Well, Monsters, the new low budget/high production value Brit-horror that premiered at Frightfest and has now debuted On Demand, and at the iTunes and Playstation stores, answers the most pressing question facing the horror and monster film-making community at large:
How much better would our giant squid-monster film be if it was also a boring romantic comedy without any laughs?
Actually, Monsters takes this question one step further and makes the romance and mating of the squid monsters eclipse the stunning emotional retardation of our one-dimensional alleged characters of Monsters. Meet Andrew (Scoot McNairy) and Samantha (Whitney Able). Like just about every romantic comedy featuring Ashton Kutcher and Heidi Klum or one of the blonde actresses from one of the American Pie Direct-to-DVD sequels, Andrew must escort Samantha (she being the boss' daughter) home for the boss. Normally, the pitch for this would be "hilarity follows". However, in Monsters, the hilarity is dropped and replaced with the menace of CGI squid monsters that sort of amble around like they’re in another movie and only occasionally interacting with some of the stuff in this movie.
We open with a bunch of nameless American soldiers speeding along in their Hummvee until a giant squid-monster smashes it. This attack actually signals an annual migration of these giant squid-monsters. See, six years ago NASA sort of figured out that something approaching Earth might have extraterrestrial life on it and sent up a space probe. That probe broke up and fell back to Earth, and the giant space squid-monster storyline was born.
As an aside, I hope Zach Snyder finds himself watching this film and slaps himself in the forehead. "CGI squid," he would say, "why didn't I do that?"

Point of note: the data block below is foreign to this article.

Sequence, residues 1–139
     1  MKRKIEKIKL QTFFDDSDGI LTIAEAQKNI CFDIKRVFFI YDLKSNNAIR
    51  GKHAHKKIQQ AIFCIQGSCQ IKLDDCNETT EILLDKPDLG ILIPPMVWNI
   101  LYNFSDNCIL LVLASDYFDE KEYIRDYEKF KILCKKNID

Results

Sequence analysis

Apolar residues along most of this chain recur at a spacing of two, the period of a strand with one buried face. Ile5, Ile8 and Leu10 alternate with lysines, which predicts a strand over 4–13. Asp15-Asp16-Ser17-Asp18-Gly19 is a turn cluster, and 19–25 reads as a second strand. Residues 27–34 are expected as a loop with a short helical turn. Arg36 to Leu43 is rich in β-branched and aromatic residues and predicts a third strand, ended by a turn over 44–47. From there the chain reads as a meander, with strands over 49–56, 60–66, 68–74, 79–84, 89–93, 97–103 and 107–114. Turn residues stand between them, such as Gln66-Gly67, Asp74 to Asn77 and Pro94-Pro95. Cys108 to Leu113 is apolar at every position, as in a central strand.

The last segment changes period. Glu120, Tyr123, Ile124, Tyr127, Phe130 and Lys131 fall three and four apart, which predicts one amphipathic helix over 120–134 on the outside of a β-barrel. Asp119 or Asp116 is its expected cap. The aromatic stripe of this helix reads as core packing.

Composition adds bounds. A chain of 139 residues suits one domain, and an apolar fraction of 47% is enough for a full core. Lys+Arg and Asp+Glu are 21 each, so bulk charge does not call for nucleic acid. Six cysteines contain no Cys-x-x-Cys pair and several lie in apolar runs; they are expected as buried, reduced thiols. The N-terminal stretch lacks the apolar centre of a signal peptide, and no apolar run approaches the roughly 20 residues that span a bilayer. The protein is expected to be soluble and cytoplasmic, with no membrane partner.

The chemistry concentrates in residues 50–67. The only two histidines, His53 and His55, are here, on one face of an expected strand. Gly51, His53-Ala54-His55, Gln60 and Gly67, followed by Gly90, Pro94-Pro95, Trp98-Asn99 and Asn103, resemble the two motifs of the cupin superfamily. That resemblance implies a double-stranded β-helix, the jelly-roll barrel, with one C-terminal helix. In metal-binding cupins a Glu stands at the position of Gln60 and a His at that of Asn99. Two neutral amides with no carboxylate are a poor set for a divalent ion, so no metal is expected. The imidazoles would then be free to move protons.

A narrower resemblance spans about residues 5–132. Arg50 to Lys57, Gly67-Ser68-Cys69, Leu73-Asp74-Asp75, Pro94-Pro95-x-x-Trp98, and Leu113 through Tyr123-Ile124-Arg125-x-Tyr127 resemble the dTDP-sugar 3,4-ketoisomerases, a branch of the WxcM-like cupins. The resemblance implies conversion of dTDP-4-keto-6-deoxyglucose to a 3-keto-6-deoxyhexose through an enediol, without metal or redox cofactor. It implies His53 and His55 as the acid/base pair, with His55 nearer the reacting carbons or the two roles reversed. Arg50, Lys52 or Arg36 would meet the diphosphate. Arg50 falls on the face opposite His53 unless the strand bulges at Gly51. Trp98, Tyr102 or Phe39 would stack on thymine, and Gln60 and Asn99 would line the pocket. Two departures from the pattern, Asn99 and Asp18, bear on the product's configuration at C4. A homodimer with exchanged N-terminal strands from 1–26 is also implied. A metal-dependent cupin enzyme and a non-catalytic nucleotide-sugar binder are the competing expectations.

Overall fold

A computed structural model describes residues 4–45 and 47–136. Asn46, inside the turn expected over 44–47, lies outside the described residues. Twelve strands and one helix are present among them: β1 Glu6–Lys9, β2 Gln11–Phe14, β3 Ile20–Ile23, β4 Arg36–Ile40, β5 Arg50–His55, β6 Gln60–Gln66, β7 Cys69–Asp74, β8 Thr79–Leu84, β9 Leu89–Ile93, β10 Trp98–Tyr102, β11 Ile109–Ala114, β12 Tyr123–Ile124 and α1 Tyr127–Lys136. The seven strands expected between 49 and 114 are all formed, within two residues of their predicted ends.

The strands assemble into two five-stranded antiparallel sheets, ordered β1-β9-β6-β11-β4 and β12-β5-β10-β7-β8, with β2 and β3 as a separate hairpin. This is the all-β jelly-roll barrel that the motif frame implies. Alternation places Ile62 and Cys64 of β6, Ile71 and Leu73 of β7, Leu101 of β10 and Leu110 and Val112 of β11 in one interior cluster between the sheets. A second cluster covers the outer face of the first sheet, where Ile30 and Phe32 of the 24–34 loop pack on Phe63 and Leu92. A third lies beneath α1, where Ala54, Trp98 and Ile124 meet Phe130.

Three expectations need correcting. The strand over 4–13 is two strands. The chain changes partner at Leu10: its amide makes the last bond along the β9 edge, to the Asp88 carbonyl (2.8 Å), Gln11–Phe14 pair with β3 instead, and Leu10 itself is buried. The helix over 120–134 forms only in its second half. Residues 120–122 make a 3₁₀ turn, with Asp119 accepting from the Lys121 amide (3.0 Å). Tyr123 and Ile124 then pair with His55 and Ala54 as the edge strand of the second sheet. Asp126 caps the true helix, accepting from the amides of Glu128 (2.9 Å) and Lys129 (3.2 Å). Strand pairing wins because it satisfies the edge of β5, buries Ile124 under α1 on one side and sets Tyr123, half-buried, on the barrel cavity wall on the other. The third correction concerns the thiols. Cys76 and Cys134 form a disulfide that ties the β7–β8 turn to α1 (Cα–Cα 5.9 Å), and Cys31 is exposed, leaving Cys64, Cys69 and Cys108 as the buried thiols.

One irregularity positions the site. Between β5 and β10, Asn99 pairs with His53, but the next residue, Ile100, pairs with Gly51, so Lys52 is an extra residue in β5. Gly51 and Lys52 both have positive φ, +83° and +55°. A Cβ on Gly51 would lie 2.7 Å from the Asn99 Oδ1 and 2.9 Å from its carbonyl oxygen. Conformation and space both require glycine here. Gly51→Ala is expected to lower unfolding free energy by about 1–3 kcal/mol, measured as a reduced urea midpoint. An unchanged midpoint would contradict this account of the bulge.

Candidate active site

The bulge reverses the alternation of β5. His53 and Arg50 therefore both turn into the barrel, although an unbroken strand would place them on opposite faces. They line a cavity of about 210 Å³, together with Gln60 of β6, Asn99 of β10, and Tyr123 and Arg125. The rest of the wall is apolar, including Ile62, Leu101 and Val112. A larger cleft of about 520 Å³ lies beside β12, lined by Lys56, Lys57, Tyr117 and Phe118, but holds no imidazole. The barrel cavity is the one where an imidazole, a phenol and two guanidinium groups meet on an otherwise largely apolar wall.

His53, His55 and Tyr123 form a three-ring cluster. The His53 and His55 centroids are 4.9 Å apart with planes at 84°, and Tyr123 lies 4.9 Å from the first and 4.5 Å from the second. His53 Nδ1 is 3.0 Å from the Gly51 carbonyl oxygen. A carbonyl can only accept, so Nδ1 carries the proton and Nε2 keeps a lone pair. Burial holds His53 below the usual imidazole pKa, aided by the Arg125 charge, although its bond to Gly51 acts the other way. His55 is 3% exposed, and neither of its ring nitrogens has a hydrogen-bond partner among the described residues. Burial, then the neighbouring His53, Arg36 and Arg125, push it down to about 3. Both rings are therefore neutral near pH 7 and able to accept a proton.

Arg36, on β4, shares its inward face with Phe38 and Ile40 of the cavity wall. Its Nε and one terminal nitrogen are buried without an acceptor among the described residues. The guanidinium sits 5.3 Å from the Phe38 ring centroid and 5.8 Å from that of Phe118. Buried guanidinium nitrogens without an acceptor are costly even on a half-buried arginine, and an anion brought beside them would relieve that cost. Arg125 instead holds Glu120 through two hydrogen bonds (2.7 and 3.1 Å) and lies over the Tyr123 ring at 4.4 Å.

Now, six years later the US government has built a massive concrete wall all along the Mexican border, and the Mexican government has built a massive fence half way through their country. The area between the wall and the fence is the infection zone and virtually no one is allowed inside. Helicopters constantly patrol the length of the fence, and as migration season approaches ferry and air traffic stops.
So far this is pretty detailed stuff, and it's actually well introduced. I know I pick on the characters for being less realistic than the paper PowerPuff Girl dolls that my 5 year old daughter makes. Gareth Edwards drops lots of information about the squid-monsters and their history through medium other than exposition. In fact, refreshingly, neither Andrew nor Samantha really comment on the monsters or their history for most of the film. Unlike say, Cloverfield, where, if the characters aren't recounting what just happened they are describing what you can see like if the guy witnessing the crash of the Hindenburg had a massive head injury.